Signatures no good at protecting databases, says Juniper
A cookie, a box, a stick and a string can trap attackers
One of the most common forms of attack is the SQL injection, and although the vector is ancient and well-understood, it's notoriously difficult to defend against.
Kevin Kennedy, senior director of product management for Juniper Networks' security business unit, is in Australia to demonstrate Juniper's latest shot at defeating SQL injection – not with block-by-signature, but by trapping attackers. Spotlight Secure was first launched globally in February, 2013.
The idea behind Spotlight Secure is that signatures in web-application firewalls are no longer effective against the patient attacker, and input validation only goes so far.
Kennedy said it's been proven that input validation must fail at some point. There will inevitably be a collision between a genuine input that should be passed, and a malicious input that should be blocked.
It's also inevitable that even with a Web application firewall standing between the SQL server and the Internet, a patient attacker will find a combination of inputs that doesn't trigger a signature alert on the firewall – but does give an attacker an SQL injection vector.
It's not perfect – nothing is – but the idea is to make attacks slower and more expensive, while at the same time, using super-cookies to fingerprint the attacker.
To take a simple example of an attack on SQL, an attacker might first try changing parameters in a URL with the aim of generating errors that tell them things about the database behind the Website. From that starting point, the attacker then starts passing increasingly sophisticated parameters to the SQL engine with the ultimate aim of retrieving user Ids and passwords.
Rather than trying to create a perfect validation list, Juniper is instead slotting fake parameters into the URL – for example, offering database parameters such as columns that don't exist.
If someone tries to access a “trap” parameter, the system starts treating the user as a likely attacker. Rather than simply blocking that user's IP (which isn't particularly useful long-term), there are a number of actions available to the system administrator.
One is to slow down system responses to that user – a very simple way to make the attack more expensive. Another is the super-cookie mentioned earlier. The principles of super-cookies will already be well-known to regular readers of El Reg, but in short, they're harder to detect than the “standard” (for want of a better word) cookie, and they collect information to more accurately profile the machine they're installed on.
With enough data captured – the browser, the installed fonts, timezone, screen resolution, pointer device, camera type and so on – the system can capture a fingerprint of the attacking machine that might not be unique, but is a pretty useful characterisation of the attacker. Rather than watching for something easily changed, like the IP address, the system is now looking for the fingerprint of the super-cookie, and acting accordingly.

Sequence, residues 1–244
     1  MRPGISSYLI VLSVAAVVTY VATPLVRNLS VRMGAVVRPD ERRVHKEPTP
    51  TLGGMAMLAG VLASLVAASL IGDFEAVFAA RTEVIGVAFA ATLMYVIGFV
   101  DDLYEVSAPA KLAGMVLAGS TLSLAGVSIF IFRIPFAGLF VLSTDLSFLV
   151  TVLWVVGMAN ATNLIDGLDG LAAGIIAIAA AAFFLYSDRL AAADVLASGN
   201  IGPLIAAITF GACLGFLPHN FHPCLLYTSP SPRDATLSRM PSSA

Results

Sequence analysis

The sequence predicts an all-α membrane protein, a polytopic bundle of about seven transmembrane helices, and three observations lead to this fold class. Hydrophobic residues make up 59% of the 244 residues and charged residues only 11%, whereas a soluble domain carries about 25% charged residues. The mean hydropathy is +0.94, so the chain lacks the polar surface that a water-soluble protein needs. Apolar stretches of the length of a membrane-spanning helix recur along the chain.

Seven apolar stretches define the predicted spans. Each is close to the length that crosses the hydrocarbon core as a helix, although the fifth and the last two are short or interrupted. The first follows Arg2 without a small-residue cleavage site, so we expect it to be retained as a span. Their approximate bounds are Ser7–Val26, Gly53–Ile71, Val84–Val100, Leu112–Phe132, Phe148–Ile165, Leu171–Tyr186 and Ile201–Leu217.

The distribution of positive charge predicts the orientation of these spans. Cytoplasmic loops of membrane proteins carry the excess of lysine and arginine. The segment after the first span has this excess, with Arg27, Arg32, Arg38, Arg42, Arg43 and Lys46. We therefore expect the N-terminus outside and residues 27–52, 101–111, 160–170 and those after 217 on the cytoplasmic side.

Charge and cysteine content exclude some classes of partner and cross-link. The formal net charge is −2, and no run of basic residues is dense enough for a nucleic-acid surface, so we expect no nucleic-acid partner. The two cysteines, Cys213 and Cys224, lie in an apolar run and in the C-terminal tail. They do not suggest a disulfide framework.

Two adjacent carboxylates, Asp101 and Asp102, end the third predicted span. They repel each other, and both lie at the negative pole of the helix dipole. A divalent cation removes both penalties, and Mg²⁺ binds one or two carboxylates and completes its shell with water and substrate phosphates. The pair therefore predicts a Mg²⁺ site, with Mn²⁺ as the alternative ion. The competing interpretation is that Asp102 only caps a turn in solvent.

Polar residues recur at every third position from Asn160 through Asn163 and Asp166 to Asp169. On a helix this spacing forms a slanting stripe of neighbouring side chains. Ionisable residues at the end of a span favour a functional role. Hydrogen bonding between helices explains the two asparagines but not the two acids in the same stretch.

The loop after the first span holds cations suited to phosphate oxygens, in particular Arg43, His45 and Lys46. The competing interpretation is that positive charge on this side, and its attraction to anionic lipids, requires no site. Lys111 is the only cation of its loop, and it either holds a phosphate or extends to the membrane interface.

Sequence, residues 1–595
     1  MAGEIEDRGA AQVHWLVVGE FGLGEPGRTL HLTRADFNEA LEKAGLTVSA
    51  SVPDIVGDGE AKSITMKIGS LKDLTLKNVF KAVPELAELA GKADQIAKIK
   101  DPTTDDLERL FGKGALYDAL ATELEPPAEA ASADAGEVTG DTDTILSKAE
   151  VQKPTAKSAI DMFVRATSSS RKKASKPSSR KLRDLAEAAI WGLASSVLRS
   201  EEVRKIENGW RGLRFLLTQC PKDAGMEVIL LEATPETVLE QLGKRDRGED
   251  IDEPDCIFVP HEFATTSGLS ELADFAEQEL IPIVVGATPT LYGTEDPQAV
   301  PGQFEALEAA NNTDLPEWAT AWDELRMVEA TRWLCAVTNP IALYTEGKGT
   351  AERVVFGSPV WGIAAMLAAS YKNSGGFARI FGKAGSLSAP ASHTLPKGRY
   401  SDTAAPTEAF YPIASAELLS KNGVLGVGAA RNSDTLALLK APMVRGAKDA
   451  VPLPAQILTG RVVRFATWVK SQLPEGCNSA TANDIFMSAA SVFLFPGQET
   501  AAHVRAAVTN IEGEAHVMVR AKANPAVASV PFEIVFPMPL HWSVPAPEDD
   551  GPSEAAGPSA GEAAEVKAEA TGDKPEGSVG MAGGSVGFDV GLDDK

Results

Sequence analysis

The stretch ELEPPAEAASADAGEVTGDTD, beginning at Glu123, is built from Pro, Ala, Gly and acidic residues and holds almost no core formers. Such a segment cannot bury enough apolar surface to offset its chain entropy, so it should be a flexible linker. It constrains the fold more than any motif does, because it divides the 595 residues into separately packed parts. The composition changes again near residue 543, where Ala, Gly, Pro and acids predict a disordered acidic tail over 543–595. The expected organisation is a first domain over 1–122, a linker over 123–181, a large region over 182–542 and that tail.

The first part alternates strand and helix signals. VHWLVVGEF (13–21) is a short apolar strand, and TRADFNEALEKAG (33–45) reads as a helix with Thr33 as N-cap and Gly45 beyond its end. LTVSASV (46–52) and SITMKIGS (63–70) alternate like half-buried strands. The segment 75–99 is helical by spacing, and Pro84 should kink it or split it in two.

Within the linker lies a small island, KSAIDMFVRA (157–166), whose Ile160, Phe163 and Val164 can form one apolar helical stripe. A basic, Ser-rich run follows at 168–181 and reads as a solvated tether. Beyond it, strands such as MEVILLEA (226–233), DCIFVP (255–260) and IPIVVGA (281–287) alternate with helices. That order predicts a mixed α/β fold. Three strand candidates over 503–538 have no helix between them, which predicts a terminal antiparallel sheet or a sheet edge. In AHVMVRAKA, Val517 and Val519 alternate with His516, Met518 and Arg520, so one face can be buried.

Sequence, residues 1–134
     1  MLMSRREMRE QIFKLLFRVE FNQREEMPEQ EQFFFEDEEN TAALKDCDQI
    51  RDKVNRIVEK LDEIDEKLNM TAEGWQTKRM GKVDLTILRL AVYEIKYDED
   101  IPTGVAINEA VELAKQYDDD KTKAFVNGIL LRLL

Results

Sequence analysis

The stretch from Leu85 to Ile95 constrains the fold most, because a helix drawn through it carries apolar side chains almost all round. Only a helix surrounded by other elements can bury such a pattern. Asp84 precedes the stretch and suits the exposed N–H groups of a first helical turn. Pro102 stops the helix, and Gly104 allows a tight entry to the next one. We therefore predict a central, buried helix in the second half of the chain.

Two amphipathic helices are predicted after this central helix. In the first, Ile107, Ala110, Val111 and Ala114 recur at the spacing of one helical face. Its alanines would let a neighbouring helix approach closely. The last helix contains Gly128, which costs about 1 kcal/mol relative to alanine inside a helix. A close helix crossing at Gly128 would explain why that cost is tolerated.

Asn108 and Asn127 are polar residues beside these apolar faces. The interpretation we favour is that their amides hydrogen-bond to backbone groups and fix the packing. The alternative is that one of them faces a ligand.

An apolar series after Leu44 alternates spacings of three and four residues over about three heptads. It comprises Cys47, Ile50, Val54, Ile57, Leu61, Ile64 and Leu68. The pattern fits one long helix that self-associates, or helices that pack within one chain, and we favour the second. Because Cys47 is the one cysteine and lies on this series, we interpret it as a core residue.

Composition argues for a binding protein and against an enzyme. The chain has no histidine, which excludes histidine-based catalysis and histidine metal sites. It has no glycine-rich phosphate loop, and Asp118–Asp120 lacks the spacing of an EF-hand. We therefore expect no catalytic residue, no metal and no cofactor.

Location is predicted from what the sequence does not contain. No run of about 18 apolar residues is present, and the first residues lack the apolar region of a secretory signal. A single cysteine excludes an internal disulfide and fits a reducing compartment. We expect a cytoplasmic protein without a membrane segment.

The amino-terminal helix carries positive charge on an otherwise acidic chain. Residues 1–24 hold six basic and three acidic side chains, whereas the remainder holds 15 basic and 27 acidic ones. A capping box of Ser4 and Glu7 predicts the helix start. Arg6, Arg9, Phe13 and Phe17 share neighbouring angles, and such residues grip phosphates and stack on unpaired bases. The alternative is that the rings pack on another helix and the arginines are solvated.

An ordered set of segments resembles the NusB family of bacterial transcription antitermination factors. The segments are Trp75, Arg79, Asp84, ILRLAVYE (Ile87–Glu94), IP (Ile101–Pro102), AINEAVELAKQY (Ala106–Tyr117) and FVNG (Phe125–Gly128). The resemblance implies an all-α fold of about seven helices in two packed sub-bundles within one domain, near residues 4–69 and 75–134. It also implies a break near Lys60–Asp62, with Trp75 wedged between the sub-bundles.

The aim, Kennedy said, is to track attackers rather than merely blocking them. “We want to change the economics of the attack,” he said. “Slow them down, waste their time, plant the cookie so we can recognise them.”
In most circumstances, Kennedy said, the characteristics that the super-cookie uses to build its fingerprint change incrementally and slowly. It's far more common for someone to replace a keyboard or buy a new screen than to configure a whole new machine.
And at the same time, since the ordinary user of a site is never going to try to get the SQL server to display the contents of the fake field, the company also hopes to address the false positive problem that makes even owners of Web application firewalls under-use the technology.
Is it perfect? Of course not: an experienced attacker will know how to protect themselves against super-cookies. However, Kennedy said, this doesn't invalidate the trap, since the attack will still be identified and logged.
Another example: you can't plant a super-cookie on a Linux machine booted from a USB stick with no write privileges. However, Kennedy said, the failure of the cookie will flag the machine as a likely attacker.
The Register asked Kennedy if the fingerprints collected by super-cookies wouldn't be more useful if they could be shared between security vendors. The answer: yes – if the challenges involved could be overcome.
“The model of sharing fingerprints is not useful in isolation,” he said. “But we believe that sharing is very important – this industry does not share well together.”
As a start, he said, Juniper Networks has a partnership announced with RSA, but broader sharing is “hard, because it requires that you have an active proxy using the fingerprints.” That, he said, is more complex than scoring the reputation of IP addresses.
“What should be shared is granular, enforceable information. But what we need is for other vendors to say 'yes, this is something we could do.' We're open to having that conversation.” ®